their system.

Undoubtedly also the fact that the Sophists ex-
acted for their services fees which were often very con-
siderable, added bitterness to such attacks, since men
like Plato and Socrates considered this a desecration
of the office of moral teachers; and aided to fix a
stain upon a class which held in its ranks many high-


minded and useful men like Gorgias and Isocrates, who
were pursuing a calling for which there was at that
time a large demand. This last subject of reproach
would have no weight in our days; for no one for many
ages has thought that higher teachers lowered the dig-
nity of their calling by accepting payment for their
services, or in other words, that no one but persons of
independent fortunes should presume to teach young

Such is an outline of Mr. Grote's defence of this
interesting class of higher teachers, which I have
given not only because it seems reasonable in itself
and pertinent to our subject, but also because a special
pedagogic interest is attached to the efforts of these
much-vilified men; since the more extended scheme
of studies which they had done much at least to
popularize, passed in the next century into the hands
of men of a more profound though speculative genius,
and by them was wrought into a form in which it be-
came the basis of the first University systeui of educa-
tion. It is well therefore to vindicate the origins of
so important an educational factor from any unmerited

The men of genius to whom we have just alluded
were first Plato and Aristotle, followed after a few
decades by Zeno and Epicurus, eacli of whom founded,
a philosophic system that was represented in the Uni-
versity when it assumed a somewhat settled form. The
old gymnasia, the Academy and the Lyceum, which
had become recognized places for social meetings of
citizens and for the interchange of opinions, were
utilized by the great teachers also for their discourses.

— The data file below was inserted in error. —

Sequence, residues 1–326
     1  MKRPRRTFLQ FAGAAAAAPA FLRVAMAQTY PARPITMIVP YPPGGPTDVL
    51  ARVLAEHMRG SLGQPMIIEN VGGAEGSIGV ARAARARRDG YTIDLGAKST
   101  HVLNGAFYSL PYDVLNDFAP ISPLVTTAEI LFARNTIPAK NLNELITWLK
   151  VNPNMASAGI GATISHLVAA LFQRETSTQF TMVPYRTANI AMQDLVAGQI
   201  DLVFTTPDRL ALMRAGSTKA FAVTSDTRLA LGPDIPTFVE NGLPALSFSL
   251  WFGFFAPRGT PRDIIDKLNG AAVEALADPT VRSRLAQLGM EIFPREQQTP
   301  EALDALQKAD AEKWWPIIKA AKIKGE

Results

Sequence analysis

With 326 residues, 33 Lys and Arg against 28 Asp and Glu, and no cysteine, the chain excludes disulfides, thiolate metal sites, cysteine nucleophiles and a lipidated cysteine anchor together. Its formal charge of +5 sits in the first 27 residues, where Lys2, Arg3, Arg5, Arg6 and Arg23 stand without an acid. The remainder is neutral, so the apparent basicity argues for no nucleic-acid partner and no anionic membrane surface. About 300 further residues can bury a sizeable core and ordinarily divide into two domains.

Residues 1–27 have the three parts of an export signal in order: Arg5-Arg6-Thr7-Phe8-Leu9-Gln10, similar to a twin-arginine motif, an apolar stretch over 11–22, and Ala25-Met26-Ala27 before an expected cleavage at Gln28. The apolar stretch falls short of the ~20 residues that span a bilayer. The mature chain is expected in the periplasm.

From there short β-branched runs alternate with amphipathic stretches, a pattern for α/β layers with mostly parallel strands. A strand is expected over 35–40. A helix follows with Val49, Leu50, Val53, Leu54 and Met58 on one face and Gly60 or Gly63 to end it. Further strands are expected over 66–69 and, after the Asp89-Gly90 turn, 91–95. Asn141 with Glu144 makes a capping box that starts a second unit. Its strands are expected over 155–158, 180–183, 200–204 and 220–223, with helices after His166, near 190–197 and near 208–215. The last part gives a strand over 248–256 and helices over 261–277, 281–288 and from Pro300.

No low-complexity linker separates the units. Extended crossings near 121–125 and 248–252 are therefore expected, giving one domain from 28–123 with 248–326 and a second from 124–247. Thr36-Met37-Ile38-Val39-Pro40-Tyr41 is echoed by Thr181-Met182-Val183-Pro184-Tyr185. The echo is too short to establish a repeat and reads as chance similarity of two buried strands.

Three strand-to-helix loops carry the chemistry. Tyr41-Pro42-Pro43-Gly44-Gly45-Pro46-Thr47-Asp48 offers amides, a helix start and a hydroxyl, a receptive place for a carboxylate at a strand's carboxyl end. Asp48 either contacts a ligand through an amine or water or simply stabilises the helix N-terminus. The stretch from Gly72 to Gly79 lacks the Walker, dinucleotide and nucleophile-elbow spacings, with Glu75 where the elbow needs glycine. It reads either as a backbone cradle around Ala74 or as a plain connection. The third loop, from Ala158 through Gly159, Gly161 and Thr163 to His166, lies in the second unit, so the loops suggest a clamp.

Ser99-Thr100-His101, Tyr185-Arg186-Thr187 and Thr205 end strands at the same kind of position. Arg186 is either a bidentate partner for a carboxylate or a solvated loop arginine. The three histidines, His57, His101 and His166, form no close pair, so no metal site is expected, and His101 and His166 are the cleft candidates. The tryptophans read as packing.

LATo. 4'Ji»-347, B. C.

Aristotle. ;*4-3^2, B. C.

/hNo A4: - >7{), B. (J


;;4-j -jvo. Ji. c.

Thus Plato lectured and questioned in the groves of
Academe. Aristotle (see page 119) paced back and
forth followed by his auditors in the walks of the
Lyceum, whence his school came to be called the Peri-
patetic, i. e., those, who walk about. Epicurus taught
in his own garden at Athens, whither crowds flocked to
hear him from idl Greece and from Asia Minor. Finally
Zeno established his place for teaching in a porch or
stoa, whence his disciples were called Stoics.

Plato first set the example of the endowment of
teaching, by the gift of his two plots of land to his


favorite pupil, Spensippus, while designating him as
his successor. Other great masters also named their
successors, with or without endowment; and thus four
systems or schools of philosophy arose, the heads of
which at first named their successors, but later the
head was chosen by the disciples. The practice of
endowment spread in later times, and a university sys-
tem gradually developed itself, in which the dominant
studies were rhetoric and the four schools of philoso-
phy, these studies being evidently pursued in the same
spirit and for the same purpose that actuate the mass
of university students of the present day.

Ehetoric, which was divided into theoretic and prac-
tical rhetoric, began with the study of Greek litera-
ture, both poetic and prose, and passed thence to the
technique of expression and to the practice of care-
ful writing.

The four schools of philosophy limited themselves
each to teaching and expounding the doctrines of its
founder, but unfortunately without imitating his
originality, or attempting to modify in the least what
the master had taught. . Hence the tendency of philo-
sophic teaching was to promote rather the acceptance
of a settled body of doctrine, than a truly philosophic
freedom of thinking on great subjects.

Up to the Christian era, the schools were wholly in-
dependent of the state, and were supported by endow-
ments or by the fees of students. Somewhat later, the